Ms Clennell, Gemma Adams, 25, Tania Nicol, 19, Anneli Alderton, 24, and Annette Nicholls, 29, were taken from the streets of Ipswich in late 2006 and murdered by forklift driver Steve Wright, 49.

Wright, who dumped their naked bodies in remote rural locations on the outskirts of Ipswich, is currently serving life for the five killings.

Are drug addicts offered enough support to beat their habit? Write to Your Letters, Evening Star, 30 Lower Brook Street, Ipswich, IP4 1AN or e-mail eveningstarletters@eveningstar.co.uk

The court case:

ELTON Norris admitted crashing a car he had taken without the owner's consent before fleeing the scene of the accident.

The 34-year-old smashed his new partner's Peugeot 106 into a Mercedes and then reversed into a Ford Mondeo as he made his getaway.

South East Suffolk Magistrates' Court heard how the crime had been aggravated because a four-month-old baby was a passenger inside the Mercedes.

Norris, formerly of Ipswich, did not have a license or insurance, either.

Justices heard how Norris had a significant drug habit - but was trying to turn his life around.

The incident took place in Ipswich on November 21 last year.

Norris, of The Grand, Folkestone, also admitted breaching a community order handed to him after he made false representations to claim benefits.

The court was told he had eight previous convictions for theft matters.

Ian Duckworth, mitigating, said his client was “honest” about his drug dependency.

“He says he needs rehab if he's going to get anywhere,” he said.

“This is a crossroads for him. But he's not a prolific offender and he's no great danger to the public at large.”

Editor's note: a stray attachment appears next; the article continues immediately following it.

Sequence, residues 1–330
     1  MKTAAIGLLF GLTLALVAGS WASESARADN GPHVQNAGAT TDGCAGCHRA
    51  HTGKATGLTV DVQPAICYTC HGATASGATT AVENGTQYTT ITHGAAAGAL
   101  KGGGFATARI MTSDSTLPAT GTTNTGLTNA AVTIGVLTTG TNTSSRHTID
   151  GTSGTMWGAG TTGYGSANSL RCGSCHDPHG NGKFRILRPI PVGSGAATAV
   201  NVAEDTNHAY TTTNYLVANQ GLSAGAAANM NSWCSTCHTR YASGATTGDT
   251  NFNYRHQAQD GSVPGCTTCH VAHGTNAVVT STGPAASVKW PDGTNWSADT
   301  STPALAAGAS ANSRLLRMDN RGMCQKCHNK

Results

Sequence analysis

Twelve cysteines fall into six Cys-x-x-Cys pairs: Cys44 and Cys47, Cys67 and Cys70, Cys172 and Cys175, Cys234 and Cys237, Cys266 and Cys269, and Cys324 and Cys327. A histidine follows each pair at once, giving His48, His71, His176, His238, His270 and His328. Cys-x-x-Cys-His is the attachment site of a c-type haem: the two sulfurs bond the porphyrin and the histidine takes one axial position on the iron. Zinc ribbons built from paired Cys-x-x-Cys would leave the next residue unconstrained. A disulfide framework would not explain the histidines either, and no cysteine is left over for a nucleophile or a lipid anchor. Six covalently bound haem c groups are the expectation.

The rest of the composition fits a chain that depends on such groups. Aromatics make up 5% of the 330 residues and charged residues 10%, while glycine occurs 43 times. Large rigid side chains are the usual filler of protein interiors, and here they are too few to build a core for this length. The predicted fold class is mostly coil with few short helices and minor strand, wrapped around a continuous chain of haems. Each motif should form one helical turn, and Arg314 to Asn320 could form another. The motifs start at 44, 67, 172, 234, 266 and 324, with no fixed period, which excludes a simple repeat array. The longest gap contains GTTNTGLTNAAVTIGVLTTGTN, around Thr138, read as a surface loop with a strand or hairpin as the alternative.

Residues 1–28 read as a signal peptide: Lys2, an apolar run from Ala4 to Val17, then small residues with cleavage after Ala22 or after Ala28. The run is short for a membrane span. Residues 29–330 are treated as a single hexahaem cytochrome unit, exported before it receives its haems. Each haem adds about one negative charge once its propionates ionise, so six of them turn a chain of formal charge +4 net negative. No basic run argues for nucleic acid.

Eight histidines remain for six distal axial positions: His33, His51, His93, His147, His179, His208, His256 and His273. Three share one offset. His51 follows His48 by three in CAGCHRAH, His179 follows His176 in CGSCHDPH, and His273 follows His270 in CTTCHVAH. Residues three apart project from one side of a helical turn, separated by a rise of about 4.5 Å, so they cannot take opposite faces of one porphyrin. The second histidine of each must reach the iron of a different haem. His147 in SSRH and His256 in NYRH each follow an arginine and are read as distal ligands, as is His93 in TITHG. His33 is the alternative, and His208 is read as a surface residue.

Mr Duckworth said the defendant was currently out of work, but was hopeful of securing a job as a carer.

Norris was jailed for a total of 98 days and was given a 12-month driving ban.

Matthew March, chairman of the bench, told him: “Only custody is appropriate.

“These are serious matters.”

Somebody's Daughter: offering young people a way out of drug addiction

Following the murder of five women, The Somebody's Daughter appeal was launched in conjunction with Ipswich Borough Council.

As a legacy to the women, and in a bid to prevent others from walking in their desperate footsteps, the appeal was given a mandate of helping vulnerable young people in Ipswich.

The ultimate goal is to raise enough money to open a safe house where those embroiled in prostitution and drugs can seek support and guidance.

Among the trustees of the Somebody's Daughter appeal, a registered charity, are Ipswich Town chairman David Sheepshanks, borough council leader Liz Harsant and Evening Star editor Nigel Pickover.

Donations to the memorial fund can be made online at www.eveningstar.co.uk, in person at Ipswich Borough Council's customer service centre in the Town Hall, by calling 01473 433777, or by sending a cheque, made payable to Somebody's Daughter Memorial Fund, to PO Box 772, Ipswich Borough Council, Grafton House, 15-17 Russell Road, Ipswich, Suffolk, IP1 2DE.